has not been declared presumptively dead in a proper court proceedings, the
subsequent marriage is bigamous. He maintains that the supposition is not true.[53]
A second marriage is bigamous only when the circumstances in paragraphs 1 and 2
of Article 83 of the Civil Code are not present.[54] Former Senator Ambrosio
Padilla was, likewise, of the view that Article 349 seems to require judicial decree
of dissolution or judicial declaration of absence but even with such decree, a
second marriage in good faith will not constitute bigamy. He posits that a second
marriage, if not illegal, even if it be annullable, should not give rise to bigamy. [55]
Former Justice Luis B. Reyes, on the other hand, was of the view that in the case of
an absent spouse who could not yet be presumed dead according to the Civil Code,
the spouse present cannot be charged and convicted of bigamy in case he/she
contracts a second marriage.[56]

The Committee tasked to prepare the Family Code proposed the


amendments of Articles 390 and 391 of the Civil Code to conform to Article 349 of
the Revised Penal Code, in that, in a case where a spouse is absent for the requisite
period, the present spouse may contract a subsequent marriage only after securing
a judgment declaring the presumptive death of the absent spouse to avoid being
charged and convicted of bigamy; the present spouse will have to adduce evidence
that he had a well-founded belief that the absent spouse was already dead. [57] Such
judgment is proof of the good faith of the present spouse who contracted a
subsequent marriage; thus, even if the present spouse is later charged with bigamy
if the absentee spouse reappears, he cannot be convicted of the crime. As
explained by former Justice Alicia Sempio-Diy:

… Such rulings, however, conflict with Art. 349 of the Revised Penal
Code providing that the present spouse must first ask for a declaration of
presumptive death of the absent spouse in order not to be guilty of bigamy in case
he or she marries again.

The above Article of the Family Code now clearly provides that for the
purpose of the present spouse contracting a second marriage, he or she must file a
summary proceeding as provided in the Code for the declaration of the
presumptive death of the absentee, without prejudice to the latter’s reappearance.
This provision is intended to protect the present spouse from a criminal
prosecution for bigamy under Art. 349 of the Revised Penal Code because with
the judicial declaration that the missing spouses presumptively dead, the good
faith of the present spouse in contracting a second marriage is already established.
[58]

Of the same view is former Dean Ernesto L. Pineda (now Undersecretary of


Justice) who wrote that things are now clarified. He says judicial declaration of
presumptive death is now authorized for purposes of
remarriage. The present spouse must institute a summary proceeding for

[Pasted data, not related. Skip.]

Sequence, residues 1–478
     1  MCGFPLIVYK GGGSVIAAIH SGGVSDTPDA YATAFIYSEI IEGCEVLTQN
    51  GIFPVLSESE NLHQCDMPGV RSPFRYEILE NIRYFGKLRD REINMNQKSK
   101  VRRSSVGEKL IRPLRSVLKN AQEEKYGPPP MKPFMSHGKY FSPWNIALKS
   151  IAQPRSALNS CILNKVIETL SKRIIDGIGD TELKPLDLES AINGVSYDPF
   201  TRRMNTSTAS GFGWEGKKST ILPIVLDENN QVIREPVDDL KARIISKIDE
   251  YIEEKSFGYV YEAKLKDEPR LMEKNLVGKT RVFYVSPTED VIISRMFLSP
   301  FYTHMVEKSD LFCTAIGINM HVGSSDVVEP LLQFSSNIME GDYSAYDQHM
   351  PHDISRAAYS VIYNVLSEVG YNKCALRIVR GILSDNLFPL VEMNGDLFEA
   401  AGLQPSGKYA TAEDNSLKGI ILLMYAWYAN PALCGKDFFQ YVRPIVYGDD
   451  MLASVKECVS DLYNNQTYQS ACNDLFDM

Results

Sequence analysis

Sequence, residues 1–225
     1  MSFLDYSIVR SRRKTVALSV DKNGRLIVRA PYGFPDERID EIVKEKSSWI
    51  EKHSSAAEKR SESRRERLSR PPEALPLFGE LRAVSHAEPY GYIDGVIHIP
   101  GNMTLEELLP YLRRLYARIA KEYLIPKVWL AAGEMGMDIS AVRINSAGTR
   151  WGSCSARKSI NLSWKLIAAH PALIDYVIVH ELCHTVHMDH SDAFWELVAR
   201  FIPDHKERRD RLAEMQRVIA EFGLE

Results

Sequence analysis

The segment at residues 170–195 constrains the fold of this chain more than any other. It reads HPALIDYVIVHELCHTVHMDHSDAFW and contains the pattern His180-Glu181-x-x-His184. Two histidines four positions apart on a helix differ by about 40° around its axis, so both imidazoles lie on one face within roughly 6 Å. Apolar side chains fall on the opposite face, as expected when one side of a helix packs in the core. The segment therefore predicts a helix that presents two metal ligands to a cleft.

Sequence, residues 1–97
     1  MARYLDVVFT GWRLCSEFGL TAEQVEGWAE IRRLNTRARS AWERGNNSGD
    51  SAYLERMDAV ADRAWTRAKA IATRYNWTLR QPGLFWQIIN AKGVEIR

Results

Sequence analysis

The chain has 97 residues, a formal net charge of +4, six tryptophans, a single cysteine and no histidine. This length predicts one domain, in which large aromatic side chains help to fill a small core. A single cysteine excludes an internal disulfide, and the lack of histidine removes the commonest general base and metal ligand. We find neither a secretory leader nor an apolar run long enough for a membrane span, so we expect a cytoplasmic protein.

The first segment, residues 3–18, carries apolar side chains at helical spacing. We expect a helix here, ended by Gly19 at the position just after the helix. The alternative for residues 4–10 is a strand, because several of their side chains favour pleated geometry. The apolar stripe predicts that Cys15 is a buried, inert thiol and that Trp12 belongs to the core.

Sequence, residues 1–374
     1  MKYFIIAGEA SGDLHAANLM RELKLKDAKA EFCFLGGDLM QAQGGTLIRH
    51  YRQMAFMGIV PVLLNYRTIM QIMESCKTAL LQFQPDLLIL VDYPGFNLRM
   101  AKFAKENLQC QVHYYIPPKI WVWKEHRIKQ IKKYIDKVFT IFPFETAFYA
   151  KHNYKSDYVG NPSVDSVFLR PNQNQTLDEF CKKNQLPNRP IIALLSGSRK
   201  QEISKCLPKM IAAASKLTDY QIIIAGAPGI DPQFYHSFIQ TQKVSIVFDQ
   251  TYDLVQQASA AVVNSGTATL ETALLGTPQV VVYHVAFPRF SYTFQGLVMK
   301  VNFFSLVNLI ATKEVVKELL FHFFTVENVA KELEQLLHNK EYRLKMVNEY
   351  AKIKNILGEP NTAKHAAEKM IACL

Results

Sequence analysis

declaration of presumptive death of the absentee, where the ordinary rules of
procedure in trial will not be followed. Affidavits will suffice, with possible
clarificatory examinations of affiants if the Judge finds it necessary for a full grasp
of the facts. The judgment declaring an absentee as presumptively dead is without
prejudice to the effect of reappearance of the said absentee.

Dean Pineda further states that before, the weight of authority is that the
clause “before the absent spouse has been declared presumptively dead x x x”
should be disregarded because of Article 83, paragraph 3 of the Civil Code. With
the new law, there is a need to institute a summary proceeding for the declaration
of the presumptive death of the absentee, otherwise, there is bigamy.[59]

According to Retired Supreme Court Justice Florenz D. Regalado, an


eminent authority on Criminal Law, in some cases where an absentee spouse is
believed to be dead, there must be a judicial declaration of presumptive death,
which could then be made only in the proceedings for the settlement of his estate.
[60]
Before such declaration, it was held that the remarriage of the other spouse is
bigamous even if done in good faith.[61] Justice Regalado opined that there were
contrary views because of the ruling in Jones and the provisions of Article 83(2) of
the Civil Code, which, however, appears to have been set to rest by Article 41 of
the Family Code, “which requires a summary hearing for the declaration of
presumptive death of the absent spouse before the other spouse can remarry.”

Under Article 238 of the Family Code, a petition for a declaration of the
presumptive death of an absent spouse under Article 41 of the Family Code may be
filed under Articles 239 to 247 of the same Code.[62]

On the second issue, the petitioner, likewise, faults the trial court and the CA
for awarding moral damages in favor of the private complainant. The petitioner
maintains that moral damages may be awarded only in any of the cases provided in
Article 2219 of the Civil Code, and bigamy is not one of them. The petitioner
asserts that the appellate court failed to apply its ruling in People v. Bondoc,
[63]
where an award of moral damages for bigamy was disallowed. In any case, the
petitioner maintains, the private complainant failed to adduce evidence to prove
moral damages.

The appellate court awarded moral damages to the private complainant on its
finding that she adduced evidence to prove the same. The appellate court ruled
that while bigamy is not included in those cases enumerated in Article 2219 of the
Civil Code, it is not proscribed from awarding moral damages against the
petitioner. The appellate court ruled that it is not bound by the following ruling
in People v. Bondoc: